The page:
ANSI/ISO SQL defines CHECK constraints very simply as:
<check constraint definition> ::= CHECK <left paren> <search condition> <right paren>
where <search condition> is a boolean expression, which may include query expressions.
In SQL Server, Oracle and many other DBMSs, queries aren't permitted in constraints. CHECK constraints can only reference the table against which they are defined and they can only refer to column names as if they are scalar values - i.e. the values for a single row at a time. This isn't good enough. Often we want to implement business rules that refer to more than one table or to selections or aggregations of rows from the table in question. For example, the rule "Ensure that sum of orders cannot exceed the customer's credit limit" or "Ensure that total X = total Y".
In the past, triggers have been one common solution for these types of requirement. But when SQL Server 2000 introduced user-defined functions, some people tried another way to get around the limitations of CHECK constraints: put a query in a scalar function and then reference the function in a CHECK constraint.
This solution of using functions in CHECK constraints is flawed: it doesn’t always work as expected because the constraint checking mechanism doesn’t respect the atomic nature of set-based updates. SQL Server's CHECK constraints are designed to be evaluated a single row at a time rather than in set-based fashion. This can create big problems if your CHECK constraint relies on a query and if more than one row is affected by any update. What happens is that the constraint gets checked once for each row before the statement completes. That means statement atomicity is broken and the data will be exposed to the CHECK constraint logic in an inconsistent, incomplete state. The results are unpredictable and inaccurate.
Here's an example. The goal of this example is to define a constraint that guarantees the Accounts total will always balance to zero:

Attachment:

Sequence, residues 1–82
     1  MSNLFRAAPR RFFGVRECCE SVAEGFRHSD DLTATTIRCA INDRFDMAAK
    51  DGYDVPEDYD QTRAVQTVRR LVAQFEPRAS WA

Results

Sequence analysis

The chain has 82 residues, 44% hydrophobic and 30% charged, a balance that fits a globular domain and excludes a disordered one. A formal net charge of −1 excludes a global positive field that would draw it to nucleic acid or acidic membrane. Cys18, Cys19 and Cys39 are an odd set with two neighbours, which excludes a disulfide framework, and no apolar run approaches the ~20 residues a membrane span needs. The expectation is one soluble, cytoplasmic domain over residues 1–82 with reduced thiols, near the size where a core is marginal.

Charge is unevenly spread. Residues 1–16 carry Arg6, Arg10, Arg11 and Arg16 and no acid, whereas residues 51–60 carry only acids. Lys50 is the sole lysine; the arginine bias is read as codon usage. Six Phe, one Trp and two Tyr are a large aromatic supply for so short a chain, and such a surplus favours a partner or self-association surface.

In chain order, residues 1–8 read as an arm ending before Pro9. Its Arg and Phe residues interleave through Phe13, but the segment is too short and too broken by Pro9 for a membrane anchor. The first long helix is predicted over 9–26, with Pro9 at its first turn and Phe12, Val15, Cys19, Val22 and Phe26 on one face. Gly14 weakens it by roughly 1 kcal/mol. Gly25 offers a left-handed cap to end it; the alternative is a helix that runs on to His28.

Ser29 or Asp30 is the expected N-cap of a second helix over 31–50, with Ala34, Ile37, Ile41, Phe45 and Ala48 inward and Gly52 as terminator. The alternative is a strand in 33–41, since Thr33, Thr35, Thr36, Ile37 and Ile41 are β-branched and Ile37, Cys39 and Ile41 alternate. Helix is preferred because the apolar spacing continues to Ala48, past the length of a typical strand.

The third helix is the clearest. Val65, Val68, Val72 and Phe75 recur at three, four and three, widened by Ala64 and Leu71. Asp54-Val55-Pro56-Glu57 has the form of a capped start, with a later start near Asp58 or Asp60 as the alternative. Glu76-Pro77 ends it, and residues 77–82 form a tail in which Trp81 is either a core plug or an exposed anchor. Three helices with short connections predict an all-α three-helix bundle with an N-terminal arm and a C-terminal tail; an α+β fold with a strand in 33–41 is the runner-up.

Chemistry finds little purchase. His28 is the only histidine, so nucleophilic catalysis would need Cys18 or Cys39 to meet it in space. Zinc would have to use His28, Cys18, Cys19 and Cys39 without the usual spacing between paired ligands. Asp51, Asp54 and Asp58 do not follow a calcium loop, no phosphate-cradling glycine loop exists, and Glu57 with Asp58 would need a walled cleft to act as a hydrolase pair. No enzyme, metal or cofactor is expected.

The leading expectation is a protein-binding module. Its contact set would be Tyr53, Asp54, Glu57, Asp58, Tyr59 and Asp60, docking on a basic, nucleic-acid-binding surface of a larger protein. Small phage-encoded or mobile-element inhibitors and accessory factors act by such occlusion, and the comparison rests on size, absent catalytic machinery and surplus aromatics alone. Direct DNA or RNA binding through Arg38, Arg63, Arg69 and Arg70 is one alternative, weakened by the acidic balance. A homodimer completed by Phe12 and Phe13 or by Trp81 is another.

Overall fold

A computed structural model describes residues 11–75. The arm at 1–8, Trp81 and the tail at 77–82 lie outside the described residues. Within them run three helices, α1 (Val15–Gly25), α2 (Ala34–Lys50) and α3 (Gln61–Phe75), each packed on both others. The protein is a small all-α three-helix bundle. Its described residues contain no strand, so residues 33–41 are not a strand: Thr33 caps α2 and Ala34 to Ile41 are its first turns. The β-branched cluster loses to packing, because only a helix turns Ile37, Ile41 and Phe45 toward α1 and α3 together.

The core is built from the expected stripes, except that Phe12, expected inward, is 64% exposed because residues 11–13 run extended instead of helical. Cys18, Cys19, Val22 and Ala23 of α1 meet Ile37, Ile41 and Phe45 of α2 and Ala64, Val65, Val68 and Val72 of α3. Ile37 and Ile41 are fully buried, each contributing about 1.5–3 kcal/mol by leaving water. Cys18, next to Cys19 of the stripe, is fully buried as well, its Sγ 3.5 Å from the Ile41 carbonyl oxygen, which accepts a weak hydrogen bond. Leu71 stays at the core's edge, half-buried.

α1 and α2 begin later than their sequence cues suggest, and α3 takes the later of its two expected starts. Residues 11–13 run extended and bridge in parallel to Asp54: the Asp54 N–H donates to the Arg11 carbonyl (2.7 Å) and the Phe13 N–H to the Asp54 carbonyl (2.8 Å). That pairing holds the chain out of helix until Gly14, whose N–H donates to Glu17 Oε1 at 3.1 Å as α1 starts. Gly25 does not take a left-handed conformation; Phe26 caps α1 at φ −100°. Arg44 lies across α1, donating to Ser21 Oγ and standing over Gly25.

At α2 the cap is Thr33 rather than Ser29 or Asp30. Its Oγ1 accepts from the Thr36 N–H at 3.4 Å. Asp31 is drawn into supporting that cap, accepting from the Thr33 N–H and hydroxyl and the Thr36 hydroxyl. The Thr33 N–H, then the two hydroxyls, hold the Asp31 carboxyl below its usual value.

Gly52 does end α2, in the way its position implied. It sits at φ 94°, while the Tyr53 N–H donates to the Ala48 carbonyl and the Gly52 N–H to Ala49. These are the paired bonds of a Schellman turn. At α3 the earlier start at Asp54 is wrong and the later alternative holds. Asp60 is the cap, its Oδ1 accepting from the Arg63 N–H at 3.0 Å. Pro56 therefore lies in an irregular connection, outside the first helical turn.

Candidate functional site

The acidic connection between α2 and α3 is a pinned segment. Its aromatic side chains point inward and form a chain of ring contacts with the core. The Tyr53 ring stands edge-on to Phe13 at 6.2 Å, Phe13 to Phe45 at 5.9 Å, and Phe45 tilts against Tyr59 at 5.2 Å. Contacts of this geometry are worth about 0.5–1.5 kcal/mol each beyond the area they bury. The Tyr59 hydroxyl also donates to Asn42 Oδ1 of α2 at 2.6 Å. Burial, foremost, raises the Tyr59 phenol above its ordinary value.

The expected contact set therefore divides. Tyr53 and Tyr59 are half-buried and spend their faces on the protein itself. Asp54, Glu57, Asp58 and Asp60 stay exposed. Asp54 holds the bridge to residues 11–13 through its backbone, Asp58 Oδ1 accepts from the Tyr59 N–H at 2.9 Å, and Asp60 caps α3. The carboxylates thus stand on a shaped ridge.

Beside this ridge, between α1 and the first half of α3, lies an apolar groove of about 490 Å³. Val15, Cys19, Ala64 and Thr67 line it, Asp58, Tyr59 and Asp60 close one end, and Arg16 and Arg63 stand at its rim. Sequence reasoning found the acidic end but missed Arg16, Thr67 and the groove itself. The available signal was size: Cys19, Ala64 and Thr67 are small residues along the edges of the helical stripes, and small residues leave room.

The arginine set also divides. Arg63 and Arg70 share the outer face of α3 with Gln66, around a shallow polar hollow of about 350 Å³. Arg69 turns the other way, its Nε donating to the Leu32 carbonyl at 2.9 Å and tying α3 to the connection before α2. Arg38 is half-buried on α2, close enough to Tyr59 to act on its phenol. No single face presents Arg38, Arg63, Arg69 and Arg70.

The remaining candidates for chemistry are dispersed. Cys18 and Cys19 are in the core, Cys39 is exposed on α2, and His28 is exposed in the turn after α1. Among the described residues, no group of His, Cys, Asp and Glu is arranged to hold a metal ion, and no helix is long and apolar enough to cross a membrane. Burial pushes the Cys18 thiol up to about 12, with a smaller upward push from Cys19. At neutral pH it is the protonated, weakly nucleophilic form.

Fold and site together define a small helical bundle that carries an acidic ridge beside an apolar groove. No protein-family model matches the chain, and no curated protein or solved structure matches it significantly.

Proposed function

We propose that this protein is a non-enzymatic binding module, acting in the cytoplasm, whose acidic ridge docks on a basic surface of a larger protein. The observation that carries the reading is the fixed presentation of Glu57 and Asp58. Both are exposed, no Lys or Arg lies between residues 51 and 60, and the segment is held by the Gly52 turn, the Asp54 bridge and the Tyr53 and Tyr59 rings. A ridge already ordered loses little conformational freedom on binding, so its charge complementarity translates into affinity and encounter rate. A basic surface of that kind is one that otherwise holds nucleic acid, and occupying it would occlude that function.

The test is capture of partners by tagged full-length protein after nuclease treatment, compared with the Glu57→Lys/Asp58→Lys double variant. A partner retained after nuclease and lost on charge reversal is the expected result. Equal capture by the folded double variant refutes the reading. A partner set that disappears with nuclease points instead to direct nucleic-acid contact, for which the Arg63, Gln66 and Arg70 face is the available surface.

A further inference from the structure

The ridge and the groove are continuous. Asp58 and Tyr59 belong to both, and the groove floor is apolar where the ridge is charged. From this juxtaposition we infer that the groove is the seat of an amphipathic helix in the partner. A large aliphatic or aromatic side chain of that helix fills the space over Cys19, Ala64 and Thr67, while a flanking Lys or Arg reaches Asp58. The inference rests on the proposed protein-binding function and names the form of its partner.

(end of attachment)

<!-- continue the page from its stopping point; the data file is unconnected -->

CREATE FUNCTION dbo.Accounts_total () RETURNS INT AS BEGIN DECLARE @r INT; SET @r = (SELECT SUM(Amount) FROM dbo.Accounts); RETURN @r; END GO CREATE TABLE dbo.Accounts (AccountNo INT PRIMARY KEY, Amount NUMERIC(10,2) NOT NULL, CONSTRAINT ck_Accounts CHECK (dbo.Accounts_total()=0) /* balance must equal zero */ );
Having created the table, now try an INSERT:
INSERT INTO dbo.Accounts (AccountNo,Amount) SELECT 1,-50 UNION ALL SELECT 2,50 ;
Msg 547, Level 16, State 0, Line 1 The INSERT statement conflicted with the CHECK constraint "ck_Accounts". The conflict occurred in database "MYTEST", table "dbo.Accounts". The statement has been terminated.
The INSERT failed even though the constraint should not have been violated because two counterbalancing amounts were inserted simultaneously.
Now disable the constraint, INSERT the rows and then re-enable the constraint:
ALTER TABLE dbo.Accounts NOCHECK CONSTRAINT ck_Accounts; INSERT INTO dbo.Accounts (AccountNo,Amount) SELECT 1,-50 UNION ALL SELECT 2,50 ; ALTER TABLE dbo.Accounts WITH CHECK CHECK CONSTRAINT ck_Accounts;
Result: The constraint is (correctly) not violated because the Accounts table balances. The only way to insert or update the Amount column is by disabling the constraint!
I have tested this under SQL Server 2005, 2008 and 2012 with the same behaviour throughout. It is unaffected by the transaction isolation level because the flaw occurs at row level rather than statement level.
To some extent it is possible to write queries that are safe in functions within CHECK constraints but the potential restrictions are fairly severe. In purely relational terms this is obviously a very serious flaw even if it's not actually a bug from Microsoft's point of view.